On 01/21/2011 11:59 AM, Phillip Hutchings wrote:
On 22/01/2011, at 7:55 AM, Dennis Nezic wrote:

On Fri, 21 Jan 2011 11:51:35 -0700, Ray Jones wrote:
If I understand correctly....

UDP has no such thing as flow control. So even though your machine
reads only X packets per second, the sending machine is still sending
and you're still receiving. If the packets build up too far your
machine will drop them, but you've already used the bandwidth to get
them there before they were dropped!
I agree it's a terrible waste -- but, I say, tough luck. Surely the
senders will throttle back when they start seeing some of their packets
not being acknowledged. (Like I said, we should avoid this situation as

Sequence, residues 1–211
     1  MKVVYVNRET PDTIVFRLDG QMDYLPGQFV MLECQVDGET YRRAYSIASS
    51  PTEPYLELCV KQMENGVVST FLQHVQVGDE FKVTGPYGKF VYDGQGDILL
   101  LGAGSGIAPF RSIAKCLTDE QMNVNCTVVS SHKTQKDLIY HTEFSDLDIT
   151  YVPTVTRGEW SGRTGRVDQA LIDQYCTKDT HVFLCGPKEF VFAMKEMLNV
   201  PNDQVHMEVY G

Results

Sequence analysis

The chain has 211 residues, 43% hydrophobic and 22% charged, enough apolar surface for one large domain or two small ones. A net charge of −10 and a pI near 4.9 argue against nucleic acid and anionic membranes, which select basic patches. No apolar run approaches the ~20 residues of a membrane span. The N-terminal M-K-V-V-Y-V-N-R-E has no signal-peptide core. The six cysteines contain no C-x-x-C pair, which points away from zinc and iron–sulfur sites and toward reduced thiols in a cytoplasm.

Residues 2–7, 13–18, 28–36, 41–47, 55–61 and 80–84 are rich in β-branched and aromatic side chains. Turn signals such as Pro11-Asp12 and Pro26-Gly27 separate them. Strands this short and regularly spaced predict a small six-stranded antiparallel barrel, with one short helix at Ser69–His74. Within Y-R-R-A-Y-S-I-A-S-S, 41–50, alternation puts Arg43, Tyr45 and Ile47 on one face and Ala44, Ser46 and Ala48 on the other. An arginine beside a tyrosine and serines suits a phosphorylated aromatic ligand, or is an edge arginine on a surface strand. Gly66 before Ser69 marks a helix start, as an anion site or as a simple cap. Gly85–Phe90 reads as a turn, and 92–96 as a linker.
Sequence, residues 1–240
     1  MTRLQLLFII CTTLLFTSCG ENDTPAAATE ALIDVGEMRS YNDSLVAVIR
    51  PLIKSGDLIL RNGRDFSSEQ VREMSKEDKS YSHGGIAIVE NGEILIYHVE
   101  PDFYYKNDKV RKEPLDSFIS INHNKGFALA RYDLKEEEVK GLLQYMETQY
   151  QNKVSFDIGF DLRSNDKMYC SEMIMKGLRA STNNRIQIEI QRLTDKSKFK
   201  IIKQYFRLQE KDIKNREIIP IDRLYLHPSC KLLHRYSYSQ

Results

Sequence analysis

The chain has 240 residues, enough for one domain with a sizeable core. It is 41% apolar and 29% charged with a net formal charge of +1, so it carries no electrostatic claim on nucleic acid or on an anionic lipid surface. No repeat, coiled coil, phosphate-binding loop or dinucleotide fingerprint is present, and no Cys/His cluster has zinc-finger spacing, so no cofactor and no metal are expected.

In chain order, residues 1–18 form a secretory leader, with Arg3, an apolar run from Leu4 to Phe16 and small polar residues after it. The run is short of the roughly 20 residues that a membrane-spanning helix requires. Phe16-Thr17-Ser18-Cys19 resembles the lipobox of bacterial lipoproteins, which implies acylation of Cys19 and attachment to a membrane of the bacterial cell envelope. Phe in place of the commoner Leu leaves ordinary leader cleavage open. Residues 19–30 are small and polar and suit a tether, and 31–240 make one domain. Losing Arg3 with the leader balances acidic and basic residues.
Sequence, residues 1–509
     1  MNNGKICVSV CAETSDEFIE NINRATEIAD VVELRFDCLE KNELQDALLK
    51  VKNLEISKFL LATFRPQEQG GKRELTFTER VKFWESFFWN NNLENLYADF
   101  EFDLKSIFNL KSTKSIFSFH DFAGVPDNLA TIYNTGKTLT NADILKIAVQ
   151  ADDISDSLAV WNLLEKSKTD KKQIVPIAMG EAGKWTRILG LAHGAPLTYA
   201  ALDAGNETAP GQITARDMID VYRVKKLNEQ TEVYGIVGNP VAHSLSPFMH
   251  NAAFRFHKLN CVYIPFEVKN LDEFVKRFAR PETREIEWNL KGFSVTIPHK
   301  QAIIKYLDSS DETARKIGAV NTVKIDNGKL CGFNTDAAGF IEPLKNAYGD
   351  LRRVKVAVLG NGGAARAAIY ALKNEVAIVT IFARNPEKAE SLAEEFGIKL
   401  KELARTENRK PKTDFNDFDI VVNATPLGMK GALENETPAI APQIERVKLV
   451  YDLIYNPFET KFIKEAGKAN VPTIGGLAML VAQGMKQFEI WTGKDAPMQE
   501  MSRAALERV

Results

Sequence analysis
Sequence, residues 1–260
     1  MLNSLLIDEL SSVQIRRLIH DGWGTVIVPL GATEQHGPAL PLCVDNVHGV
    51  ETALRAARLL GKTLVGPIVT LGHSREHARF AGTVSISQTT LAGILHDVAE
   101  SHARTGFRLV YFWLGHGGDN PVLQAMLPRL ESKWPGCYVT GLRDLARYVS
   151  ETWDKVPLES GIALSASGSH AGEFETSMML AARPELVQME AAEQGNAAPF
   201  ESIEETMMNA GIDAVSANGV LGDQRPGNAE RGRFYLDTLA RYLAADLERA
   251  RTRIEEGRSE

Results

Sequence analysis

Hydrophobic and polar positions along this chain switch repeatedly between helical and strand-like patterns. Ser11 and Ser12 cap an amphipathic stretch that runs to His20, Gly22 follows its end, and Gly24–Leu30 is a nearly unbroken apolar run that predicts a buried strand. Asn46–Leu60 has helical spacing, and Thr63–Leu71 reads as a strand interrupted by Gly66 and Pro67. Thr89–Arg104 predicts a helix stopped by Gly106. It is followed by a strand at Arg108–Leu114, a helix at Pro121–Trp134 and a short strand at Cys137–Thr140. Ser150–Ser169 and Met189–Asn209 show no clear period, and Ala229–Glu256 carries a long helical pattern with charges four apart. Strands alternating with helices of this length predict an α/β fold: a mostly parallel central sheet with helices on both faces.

much as possible, but ultimately the user has to be in control. The
network, selfish as this might sound, comes second!)
NO! We're using UDP - UDP packets have no acknowledgment. TCP would behave like 
you describe, but UDP senders have no way of knowing that there's a problem.

Which brings this non-techies to the obvious (to me) question: So why are we using UDP instead of TCP?

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